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Reged: 12/09/02
Posts: 7677
Loc: Seattle, WA
IBS and Functional Dyspepsia: Different Diseases or a Single Disorder With Different Manifestations?
      09/13/05 01:03 PM

Irritable Bowel Syndrome and Functional Dyspepsia: Different Diseases or a Single Disorder With Different Manifestations?

Posted 08/29/2005

Laura Noddin, MD; Michael Callahan, PhD; Brian E. Lacy, MD, PhD

Functional gastrointestinal disorders (FGIDs) are common, chronic ailments that affect millions of adults on a daily basis. FGIDs are characterized by recurrent symptoms (ie, abdominal pain or discomfort, bloating, nausea, vomiting, early satiety, constipation, or diarrhea) that indicate a dysfunctional GI tract despite that an organic reason for the symptom generation is not identified on diagnostic studies.

It is estimated that 40% of all gastroenterology clinic visits are for FGIDs,[1] and a recent survey of generalists and gastroenterologists found that nearly one third of their patient population had symptoms of irritable bowel syndrome (IBS).[2] Many patients with IBS have dyspepsia; likewise, many patients with dyspepsia also have overlapping symptoms of IBS. These 2 groups of patients are similar in that symptoms are typically chronic in nature, may wax and wane, are aggravated by psychosocial stressors, and are often worsened by meals. In addition, both disorders are considered difficult to diagnose by many physicians and in the absence of warning signs or "red flags," extensive testing is unlikely to be helpful. These similarities raise the issue of whether IBS and dyspepsia are just different manifestations of the same disorder or whether they represent distinct clinical entities. Elucidating this clinical dilemma is important because it may improve our ability to diagnose and treat these common disorders.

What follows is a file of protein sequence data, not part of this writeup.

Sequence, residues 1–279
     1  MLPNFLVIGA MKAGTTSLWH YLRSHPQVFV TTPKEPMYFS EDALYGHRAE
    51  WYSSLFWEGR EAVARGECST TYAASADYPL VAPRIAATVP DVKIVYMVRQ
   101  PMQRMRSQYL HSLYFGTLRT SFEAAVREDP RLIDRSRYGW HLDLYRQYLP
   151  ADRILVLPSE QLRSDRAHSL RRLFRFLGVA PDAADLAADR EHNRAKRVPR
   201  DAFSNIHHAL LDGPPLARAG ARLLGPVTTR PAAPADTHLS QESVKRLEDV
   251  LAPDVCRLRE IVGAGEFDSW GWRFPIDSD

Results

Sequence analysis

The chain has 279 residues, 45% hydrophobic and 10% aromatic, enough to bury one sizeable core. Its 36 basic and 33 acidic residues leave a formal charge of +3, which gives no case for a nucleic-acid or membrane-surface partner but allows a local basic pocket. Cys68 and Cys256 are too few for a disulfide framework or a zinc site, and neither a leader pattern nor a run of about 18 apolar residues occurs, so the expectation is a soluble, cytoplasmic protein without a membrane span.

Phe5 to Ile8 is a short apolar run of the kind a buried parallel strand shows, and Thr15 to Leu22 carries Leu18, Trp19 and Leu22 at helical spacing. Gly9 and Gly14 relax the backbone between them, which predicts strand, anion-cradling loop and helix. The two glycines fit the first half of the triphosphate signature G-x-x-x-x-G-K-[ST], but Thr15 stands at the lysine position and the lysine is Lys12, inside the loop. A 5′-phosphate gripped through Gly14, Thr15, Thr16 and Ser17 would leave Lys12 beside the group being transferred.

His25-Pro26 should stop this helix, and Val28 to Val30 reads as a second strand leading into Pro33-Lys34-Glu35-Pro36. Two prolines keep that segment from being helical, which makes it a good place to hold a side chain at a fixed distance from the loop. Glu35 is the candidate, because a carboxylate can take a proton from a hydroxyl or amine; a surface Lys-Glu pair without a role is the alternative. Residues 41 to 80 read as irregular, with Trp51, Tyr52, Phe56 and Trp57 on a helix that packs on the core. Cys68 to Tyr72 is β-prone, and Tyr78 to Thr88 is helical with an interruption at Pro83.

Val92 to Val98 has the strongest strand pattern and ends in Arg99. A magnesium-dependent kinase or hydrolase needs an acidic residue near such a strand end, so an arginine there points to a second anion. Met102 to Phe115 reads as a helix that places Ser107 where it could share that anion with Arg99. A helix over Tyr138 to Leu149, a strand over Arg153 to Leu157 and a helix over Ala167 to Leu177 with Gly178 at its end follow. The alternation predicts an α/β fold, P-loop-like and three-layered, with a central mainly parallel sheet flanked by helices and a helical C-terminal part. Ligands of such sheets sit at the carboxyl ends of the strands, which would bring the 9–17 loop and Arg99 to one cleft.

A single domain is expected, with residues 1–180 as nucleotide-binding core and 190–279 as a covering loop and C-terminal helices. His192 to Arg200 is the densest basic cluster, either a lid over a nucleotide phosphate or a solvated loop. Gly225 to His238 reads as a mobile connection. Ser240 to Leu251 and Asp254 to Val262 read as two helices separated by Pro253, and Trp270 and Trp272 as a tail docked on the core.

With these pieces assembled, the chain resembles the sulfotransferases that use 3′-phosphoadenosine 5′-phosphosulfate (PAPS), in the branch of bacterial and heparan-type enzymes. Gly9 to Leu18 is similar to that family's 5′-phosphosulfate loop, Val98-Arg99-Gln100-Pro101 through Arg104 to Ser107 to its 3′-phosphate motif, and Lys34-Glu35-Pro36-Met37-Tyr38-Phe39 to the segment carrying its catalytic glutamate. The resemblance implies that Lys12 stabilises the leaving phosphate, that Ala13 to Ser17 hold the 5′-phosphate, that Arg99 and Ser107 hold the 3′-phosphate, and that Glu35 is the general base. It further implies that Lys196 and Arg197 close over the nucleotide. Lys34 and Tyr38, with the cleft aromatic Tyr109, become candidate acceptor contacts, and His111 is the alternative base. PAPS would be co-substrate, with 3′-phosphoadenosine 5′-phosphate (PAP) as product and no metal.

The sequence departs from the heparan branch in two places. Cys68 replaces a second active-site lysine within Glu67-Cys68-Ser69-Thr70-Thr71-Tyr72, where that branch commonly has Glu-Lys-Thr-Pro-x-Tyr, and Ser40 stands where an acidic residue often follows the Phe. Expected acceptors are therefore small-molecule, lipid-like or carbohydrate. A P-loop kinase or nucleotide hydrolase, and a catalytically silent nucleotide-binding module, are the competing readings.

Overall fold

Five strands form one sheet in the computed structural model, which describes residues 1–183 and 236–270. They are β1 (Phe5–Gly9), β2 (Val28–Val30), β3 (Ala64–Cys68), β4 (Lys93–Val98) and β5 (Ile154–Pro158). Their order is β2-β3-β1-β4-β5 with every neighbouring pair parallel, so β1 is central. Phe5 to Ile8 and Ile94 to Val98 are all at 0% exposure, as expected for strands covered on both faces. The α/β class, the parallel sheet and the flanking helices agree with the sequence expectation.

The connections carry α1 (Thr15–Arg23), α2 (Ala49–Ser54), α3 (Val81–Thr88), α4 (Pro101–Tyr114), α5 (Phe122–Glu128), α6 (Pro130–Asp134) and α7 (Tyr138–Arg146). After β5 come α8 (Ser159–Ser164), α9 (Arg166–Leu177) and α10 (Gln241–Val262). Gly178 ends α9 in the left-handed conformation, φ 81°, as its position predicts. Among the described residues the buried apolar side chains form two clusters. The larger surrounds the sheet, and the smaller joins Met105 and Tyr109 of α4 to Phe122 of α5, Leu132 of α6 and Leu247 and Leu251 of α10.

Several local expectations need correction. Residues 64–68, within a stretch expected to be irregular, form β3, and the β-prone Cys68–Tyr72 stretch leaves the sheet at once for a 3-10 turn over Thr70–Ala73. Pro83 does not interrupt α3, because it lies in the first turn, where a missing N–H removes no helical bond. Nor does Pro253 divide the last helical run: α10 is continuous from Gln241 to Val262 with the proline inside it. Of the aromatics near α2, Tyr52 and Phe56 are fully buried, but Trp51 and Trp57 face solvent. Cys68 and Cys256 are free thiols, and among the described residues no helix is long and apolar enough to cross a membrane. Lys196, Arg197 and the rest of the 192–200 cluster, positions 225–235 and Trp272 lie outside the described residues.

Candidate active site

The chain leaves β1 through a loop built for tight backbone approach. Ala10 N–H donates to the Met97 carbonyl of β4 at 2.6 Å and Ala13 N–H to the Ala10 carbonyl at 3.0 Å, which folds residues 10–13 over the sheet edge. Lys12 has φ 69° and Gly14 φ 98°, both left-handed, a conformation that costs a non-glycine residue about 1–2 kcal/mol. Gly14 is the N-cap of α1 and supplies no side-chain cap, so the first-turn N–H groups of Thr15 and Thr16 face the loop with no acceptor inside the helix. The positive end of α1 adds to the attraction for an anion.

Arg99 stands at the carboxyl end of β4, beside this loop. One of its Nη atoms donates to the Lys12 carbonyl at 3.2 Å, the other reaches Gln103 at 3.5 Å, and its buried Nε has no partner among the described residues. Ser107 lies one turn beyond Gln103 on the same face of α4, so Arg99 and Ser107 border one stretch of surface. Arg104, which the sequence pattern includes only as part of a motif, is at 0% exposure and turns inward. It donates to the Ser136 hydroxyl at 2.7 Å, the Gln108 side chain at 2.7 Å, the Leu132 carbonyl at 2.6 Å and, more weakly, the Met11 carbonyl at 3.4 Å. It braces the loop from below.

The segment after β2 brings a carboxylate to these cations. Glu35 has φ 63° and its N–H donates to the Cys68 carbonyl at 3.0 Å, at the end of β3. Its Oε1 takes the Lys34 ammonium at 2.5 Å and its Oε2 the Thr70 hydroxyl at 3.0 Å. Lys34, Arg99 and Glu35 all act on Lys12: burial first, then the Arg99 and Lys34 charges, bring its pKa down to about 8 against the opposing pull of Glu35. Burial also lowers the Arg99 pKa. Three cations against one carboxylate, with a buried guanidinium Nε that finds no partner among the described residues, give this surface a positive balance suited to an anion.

At present, the ROME II committee classifies IBS as a distinctly separate functional bowel disorder from dyspepsia.[3] IBS is characterized by lower abdominal pain or discomfort in association with disordered defecation ( Table 1 ). Dyspepsia presents as recurrent upper abdominal pain or discomfort associated with symptoms of early satiety, fullness, bloating, and nausea ( Table 2 ). Because upper GI function regularly affects lower GI tract function (ie, the gastro-colic reflex), and lower GI function routinely affects upper GI function (ie, constipation slows gastric emptying), it should not be surprising that these 2 areas are intimately linked.[4]

This article reviews the prevalence, natural history, etiology, pathogenesis, and treatment of these 2 common FGIDs, and discusses whether these disorders are different manifestations of the same disorder or whether they are truly distinct clinical entities.

Laura Noddin, MD, Department of Medicine, Dartmouth Medical School, Hanover, New Hampshire

Michael Callahan, PhD, Regional Scientific Director, Novartis Pharmaceuticals, East Hanover, New Jersey

Brian E. Lacy, MD, PhD, Associate Professor of Medicine, Dartmouth Medical School, Hanover, New Hampshire; Director, GI Motility Laboratory, Division of Gastroenterology, Dartmouth-Hitchcock Medical Center, Lebanon, New Hampshire

Disclosure: Laura Noddin, MD, has disclosed no relevant financial relationships.

Disclosure: Michael Callahan, PhD, has disclosed that he is an employee of Novartis Pharmaceuticals, East Hanover, New Jersey, and holds stock options in the Company.

Disclosure: Brian E. Lacy, MD, PhD, has disclosed that he has received grants for clinical research from Novartis Pharmaceuticals, AstraZeneca, and GlaxoSmithKline.

Medscape General Medicine. 2005;7(3) ©2005 Medscape

To read this article in full, please click here:

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